Instruments

Avoiding Cello Flightmares

I just completed a four-city recital and masterclass tour of Brazil, which included one car trip, three domestic flights, and one round-trip international flight.  Usually when I travel for concerts, I face the frustration and complexity we all enjoy of bringing the cello onboard, extra ticket gripped firmly in hand.  The slightly unusual aspect of this recent tour was that I used borrowed cellos for each concert.  I left my own instrument at home for several reasons.  Although my room and board was generously covered in each city, most of my flights were not, and I didn't want to pay close to $1k for the extra plane tickets.  I didn't want either the physical hassle of carrying it around, nor the emotional/mental hassle from airport personnel in a country I [...]

Bach Suites and You – by Robert Battey

“In a work of art the intellect asks questions; it does not answer them” -Friedrich Hebbel Few tasks are more daunting than attempting to discern and convey J.S. Bach’s precise intentions for his Cello Suites.  Just playing them is hard enough, but a true and meaningful interpretation of the Suites requires an entirely different heuristic model than that of our other repertoire.  This is because the autograph of the Suites has been lost, and we are left only with several flawed and inconsistent copies.  Since there is no original source, everything, from notes to rhythms to phrasings, must be questioned. With many pieces, one can rely on the fidelity and accuracy of a high-quality edition, prepared either from autographs or composer-supervised prints.  There, you have the simple choice of either [...]

Flying with Your Cello? Print the FAA Passenger’s Bill of Rights to Carry With You

WHEN TRAVELING WITH AN INSTRUMENT, BE SURE TO PRINT THE FOLLOWING  PASSENGER'S BILL OF RIGHTS  AND CARRY IT ONBOARD WITH YOU! DOWNLOAD PDF   The United States’ FAA Air Transportation Modernization and Safety Improvement Act - SEC. 403 § 41724, adopted by the US Congress on 6 February 2012: H.R.658 - FAA Reauthorization and Reform Act of 2011 SEC. 403. MUSICAL INSTRUMENTS. (a) In General- Subchapter I of chapter 417 is amended by adding at the end the following: ‘Sec. 41724. Musical instruments ‘(a) In General- ‘(1) SMALL INSTRUMENTS AS CARRY-ON BAGGAGE- An air carrier providing air transportation shall permit a passenger to carry a violin, guitar, or other musical instrument in the aircraft cabin, without charging the passenger a fee in addition to any standard fee that carrier may require for comparable carry-on baggage, [...]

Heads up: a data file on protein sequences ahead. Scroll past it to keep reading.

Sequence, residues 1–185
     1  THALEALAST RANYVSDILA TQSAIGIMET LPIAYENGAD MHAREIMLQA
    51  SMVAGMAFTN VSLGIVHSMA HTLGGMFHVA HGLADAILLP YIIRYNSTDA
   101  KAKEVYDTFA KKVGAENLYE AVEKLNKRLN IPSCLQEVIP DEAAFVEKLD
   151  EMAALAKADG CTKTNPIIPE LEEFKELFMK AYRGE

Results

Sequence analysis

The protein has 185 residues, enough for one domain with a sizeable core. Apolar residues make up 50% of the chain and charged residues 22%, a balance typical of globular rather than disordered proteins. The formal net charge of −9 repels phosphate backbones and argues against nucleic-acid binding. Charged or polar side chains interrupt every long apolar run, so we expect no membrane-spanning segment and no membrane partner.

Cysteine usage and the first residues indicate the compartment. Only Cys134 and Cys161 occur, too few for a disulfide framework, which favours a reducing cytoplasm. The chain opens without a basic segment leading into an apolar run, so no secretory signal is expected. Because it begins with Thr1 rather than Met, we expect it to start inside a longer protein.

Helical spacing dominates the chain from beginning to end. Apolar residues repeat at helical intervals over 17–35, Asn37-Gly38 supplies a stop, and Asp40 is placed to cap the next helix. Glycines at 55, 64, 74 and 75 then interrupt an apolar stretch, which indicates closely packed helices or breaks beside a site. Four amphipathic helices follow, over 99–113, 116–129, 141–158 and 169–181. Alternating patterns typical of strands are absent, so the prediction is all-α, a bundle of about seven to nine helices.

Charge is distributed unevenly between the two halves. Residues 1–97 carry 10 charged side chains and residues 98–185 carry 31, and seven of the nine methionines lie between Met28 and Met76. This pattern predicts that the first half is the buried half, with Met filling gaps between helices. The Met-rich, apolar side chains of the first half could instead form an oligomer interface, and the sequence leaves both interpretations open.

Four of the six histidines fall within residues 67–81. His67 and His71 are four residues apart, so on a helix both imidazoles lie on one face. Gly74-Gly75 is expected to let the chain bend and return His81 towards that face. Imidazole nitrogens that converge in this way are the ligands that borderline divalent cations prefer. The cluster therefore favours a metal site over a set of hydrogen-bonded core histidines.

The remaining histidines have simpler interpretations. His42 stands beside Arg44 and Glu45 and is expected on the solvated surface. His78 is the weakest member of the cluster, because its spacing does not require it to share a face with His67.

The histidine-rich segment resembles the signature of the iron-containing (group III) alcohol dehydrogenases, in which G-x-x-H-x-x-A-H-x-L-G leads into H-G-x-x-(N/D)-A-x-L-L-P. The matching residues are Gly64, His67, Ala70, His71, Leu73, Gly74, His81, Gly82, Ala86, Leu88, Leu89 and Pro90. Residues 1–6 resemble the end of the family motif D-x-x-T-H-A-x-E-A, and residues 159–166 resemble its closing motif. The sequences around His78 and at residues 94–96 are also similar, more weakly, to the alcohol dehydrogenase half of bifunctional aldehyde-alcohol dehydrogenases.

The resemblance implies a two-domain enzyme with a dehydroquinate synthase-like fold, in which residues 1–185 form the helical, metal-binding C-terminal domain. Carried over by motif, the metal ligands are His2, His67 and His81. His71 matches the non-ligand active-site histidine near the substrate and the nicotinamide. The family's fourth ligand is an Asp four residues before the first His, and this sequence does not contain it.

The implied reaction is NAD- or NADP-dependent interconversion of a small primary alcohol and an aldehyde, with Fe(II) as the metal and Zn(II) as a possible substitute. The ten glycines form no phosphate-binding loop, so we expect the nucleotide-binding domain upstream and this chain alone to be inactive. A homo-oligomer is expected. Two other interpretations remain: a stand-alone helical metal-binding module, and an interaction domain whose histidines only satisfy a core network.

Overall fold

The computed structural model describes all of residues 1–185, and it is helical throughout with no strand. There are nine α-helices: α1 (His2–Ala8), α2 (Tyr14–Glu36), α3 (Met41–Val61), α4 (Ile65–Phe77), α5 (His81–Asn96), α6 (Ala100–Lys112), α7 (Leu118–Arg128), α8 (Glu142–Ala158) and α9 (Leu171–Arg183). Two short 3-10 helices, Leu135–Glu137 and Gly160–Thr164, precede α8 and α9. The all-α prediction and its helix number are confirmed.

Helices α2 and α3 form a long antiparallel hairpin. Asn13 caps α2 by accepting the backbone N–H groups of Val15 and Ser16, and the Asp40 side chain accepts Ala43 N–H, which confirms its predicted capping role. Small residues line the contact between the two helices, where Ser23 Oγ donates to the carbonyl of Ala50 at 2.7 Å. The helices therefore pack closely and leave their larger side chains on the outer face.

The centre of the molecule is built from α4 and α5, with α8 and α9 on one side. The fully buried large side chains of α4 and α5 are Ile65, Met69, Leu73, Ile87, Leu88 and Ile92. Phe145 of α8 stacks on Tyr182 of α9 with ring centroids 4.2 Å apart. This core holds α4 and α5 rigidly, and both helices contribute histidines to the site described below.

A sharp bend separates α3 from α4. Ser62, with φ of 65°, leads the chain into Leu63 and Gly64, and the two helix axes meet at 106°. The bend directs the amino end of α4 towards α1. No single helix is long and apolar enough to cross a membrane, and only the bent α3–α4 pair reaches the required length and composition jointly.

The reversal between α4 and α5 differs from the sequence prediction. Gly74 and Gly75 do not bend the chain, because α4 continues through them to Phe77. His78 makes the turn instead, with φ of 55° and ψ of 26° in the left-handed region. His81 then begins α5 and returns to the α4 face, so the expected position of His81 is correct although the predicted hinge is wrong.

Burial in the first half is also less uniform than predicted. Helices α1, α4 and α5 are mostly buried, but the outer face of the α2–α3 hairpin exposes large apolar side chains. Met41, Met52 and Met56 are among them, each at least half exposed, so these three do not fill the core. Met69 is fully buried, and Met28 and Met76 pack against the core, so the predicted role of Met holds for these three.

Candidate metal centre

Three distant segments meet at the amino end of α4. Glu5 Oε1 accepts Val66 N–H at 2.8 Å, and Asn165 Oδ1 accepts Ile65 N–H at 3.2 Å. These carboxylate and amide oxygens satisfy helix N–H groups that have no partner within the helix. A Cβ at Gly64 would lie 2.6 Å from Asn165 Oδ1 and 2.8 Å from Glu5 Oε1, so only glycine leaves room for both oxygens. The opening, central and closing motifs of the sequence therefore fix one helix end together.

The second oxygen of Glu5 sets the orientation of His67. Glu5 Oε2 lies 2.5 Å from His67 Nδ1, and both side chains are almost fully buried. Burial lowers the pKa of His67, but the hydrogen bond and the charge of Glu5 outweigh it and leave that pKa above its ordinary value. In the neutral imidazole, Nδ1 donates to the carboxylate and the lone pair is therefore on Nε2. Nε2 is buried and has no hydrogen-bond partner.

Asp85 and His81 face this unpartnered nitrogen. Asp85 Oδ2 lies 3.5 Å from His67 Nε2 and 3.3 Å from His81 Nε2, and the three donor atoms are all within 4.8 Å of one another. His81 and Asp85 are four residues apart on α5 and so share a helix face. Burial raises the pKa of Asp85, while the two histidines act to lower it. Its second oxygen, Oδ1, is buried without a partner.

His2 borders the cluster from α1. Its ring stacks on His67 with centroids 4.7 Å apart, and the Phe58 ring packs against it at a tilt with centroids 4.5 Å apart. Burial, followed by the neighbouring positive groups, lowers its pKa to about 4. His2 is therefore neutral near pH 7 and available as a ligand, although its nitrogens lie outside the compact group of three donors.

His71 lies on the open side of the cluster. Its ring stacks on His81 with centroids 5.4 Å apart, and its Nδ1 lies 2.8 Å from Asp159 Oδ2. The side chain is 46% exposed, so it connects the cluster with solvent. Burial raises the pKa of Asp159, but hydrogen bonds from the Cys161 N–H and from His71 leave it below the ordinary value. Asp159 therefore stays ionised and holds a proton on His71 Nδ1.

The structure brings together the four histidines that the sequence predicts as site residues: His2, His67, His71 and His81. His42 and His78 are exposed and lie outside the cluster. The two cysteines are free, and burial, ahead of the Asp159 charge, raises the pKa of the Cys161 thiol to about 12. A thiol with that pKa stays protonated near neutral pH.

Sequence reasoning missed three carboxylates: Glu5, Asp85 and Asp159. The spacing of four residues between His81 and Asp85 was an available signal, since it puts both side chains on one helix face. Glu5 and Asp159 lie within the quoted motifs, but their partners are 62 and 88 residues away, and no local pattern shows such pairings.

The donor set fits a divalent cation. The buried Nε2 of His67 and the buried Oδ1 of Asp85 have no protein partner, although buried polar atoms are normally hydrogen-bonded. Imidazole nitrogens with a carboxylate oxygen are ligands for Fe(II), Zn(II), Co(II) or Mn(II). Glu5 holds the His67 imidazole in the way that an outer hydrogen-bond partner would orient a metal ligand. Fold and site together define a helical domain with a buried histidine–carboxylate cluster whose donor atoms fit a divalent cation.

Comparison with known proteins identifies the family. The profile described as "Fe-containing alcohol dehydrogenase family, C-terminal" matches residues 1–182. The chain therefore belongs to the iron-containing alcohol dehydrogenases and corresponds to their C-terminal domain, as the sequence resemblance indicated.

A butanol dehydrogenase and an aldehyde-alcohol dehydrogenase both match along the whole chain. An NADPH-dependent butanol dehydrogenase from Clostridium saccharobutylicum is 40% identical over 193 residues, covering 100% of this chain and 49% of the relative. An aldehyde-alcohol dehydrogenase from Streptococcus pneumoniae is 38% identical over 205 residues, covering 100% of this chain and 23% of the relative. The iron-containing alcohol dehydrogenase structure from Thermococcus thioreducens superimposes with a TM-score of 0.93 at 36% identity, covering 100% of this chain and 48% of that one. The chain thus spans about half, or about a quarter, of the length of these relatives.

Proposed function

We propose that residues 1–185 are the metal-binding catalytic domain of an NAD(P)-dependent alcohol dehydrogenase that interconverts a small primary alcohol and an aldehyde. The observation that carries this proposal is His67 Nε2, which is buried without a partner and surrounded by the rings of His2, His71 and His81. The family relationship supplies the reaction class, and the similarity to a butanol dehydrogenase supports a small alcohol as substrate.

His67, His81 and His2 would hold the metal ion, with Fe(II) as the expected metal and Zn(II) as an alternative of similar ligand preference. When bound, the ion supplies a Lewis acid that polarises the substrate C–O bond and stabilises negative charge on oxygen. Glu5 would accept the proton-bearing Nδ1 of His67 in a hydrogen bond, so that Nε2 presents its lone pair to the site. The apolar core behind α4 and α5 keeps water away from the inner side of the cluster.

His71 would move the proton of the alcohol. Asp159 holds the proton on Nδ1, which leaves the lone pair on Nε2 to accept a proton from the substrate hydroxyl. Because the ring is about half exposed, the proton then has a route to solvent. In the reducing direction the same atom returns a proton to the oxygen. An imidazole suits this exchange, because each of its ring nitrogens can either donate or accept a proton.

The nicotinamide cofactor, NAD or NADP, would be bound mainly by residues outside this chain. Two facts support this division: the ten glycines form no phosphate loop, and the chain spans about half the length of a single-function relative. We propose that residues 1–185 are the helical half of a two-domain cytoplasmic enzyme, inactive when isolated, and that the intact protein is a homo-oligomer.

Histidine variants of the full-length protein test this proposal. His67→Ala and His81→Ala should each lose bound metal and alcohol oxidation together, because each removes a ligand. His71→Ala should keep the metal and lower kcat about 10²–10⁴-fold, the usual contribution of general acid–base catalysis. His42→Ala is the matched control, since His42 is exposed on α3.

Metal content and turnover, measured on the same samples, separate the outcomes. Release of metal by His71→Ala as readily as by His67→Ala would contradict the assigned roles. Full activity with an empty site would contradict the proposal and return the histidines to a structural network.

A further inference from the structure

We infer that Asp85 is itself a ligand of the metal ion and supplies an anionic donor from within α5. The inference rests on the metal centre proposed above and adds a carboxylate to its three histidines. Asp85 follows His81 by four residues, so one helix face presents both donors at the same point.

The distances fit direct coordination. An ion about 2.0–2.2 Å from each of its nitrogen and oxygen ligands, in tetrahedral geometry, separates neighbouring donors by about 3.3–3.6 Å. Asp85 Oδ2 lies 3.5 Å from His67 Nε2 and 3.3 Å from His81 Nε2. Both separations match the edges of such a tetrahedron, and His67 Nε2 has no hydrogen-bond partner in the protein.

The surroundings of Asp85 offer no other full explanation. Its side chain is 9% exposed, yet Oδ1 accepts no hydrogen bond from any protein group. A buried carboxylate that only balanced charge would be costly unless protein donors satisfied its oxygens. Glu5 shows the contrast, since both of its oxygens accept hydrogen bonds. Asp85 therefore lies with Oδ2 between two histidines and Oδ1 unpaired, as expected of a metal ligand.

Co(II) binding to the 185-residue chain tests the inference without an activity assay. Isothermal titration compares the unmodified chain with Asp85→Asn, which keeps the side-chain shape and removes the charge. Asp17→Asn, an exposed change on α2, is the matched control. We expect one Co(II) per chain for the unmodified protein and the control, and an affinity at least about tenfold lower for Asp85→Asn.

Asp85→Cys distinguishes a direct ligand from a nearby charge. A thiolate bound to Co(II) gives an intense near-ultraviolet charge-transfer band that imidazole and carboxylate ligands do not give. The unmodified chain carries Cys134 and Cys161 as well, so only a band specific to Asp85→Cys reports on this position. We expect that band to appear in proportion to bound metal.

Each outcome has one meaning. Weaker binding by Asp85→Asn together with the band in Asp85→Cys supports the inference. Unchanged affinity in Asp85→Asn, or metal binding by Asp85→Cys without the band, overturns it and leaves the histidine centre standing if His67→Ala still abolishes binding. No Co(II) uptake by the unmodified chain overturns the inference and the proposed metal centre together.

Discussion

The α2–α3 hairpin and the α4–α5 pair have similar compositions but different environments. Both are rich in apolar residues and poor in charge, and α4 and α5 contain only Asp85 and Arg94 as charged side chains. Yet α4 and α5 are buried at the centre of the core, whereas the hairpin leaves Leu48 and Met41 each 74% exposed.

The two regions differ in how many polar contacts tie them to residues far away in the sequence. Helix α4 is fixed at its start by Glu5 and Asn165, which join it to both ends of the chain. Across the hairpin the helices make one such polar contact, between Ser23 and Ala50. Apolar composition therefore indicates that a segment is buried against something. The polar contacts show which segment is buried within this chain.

WQXR Podcast of Paul Katz Interview: the Pitfalls of Taking Musical Instruments on Planes

Listen:  Reprinted from WQXR.org U.S. airlines are more punctual and less likely to lose your bag than at any time in more than two decades, according to a recent Associated Press analysis of Bureau of Transportation data. Fewer than three suitcases per 1,000 passengers were reported lost, damaged or delayed from January through June, a record low. But a recent spate of stories concerning musical instruments on airplanes suggests that the skies aren't always friendly for musicians. Paul Katz, a former member of the Cleveland Quartet, recently experienced a particularly dramatic incident involving his 1669 Andrea Guarneri cello and a flight from Calgary to Los Angeles operated by WestJet, which partners with American and Delta, among other carriers. "I was even pre-boarded. I got the royal treatment,” Katz tells host Naomi [...]

Myth Busters — by Brant Taylor

Instrumentalists often prepare for an orchestra audition by seeking feedback on their preparation from a teacher or colleague.  Perhaps because my career includes both orchestral playing and teaching, I am frequently asked to coach players who are preparing solo work(s) and orchestral excerpts for a given audition.  Some players I hear are very new to the audition game, while others are already seasoned professionals looking to step up to another ensemble or for a promotion in their current group.  After years of talking with these musicians about auditions in general and about the specifics of their preparation, I've noticed several assumptions that players sometimes make about auditions.  While some of these assumptions are true, and made with good reason, many others are best described as myths. Some of these are half-truths, and [...]

Looking & Seeing — by Selma Gokcen

In my last column, I mentioned getting to know some of your habits at the cello…the worst ones can become your best friends, in that they will offer the richest material for work on yourself. So now we step into the arena. Looking at oneself is not easy. The same instrument that presents the problems is also doing the observing, so how reliable can our observations be when the instrument itself is faulty? This was F.M. Alexander’s dilemma. His vocal problem was hidden within himself, and so he set about observing himself in a mirror, later three mirrors, to see if he could discover any correlation between what he was doing with his whole body and his specific vocal defects. After long and patient examination, he identified several harmful habits, [...]

The Music of Movement — by Selma Gokcen

It is a great pleasure to tickle your screens from across The Pond, as they call the Atlantic Ocean here in Great Britain.  I am honoured to be invited to add a few views to what is already a splendid site for cellists and a fruitful educational resource.  The London Cello Society is an important part of my work, and as a nurturer of the cello world in the United Kingdom, I always celebrate a new addition to the Cello Cloud from which we can benefit. Our members are just getting to know CelloBello and they will no doubt enjoy and learn from it. It is said that the best things to write about are those you love. Therefore it makes sense in this first blog to introduce my passion [...]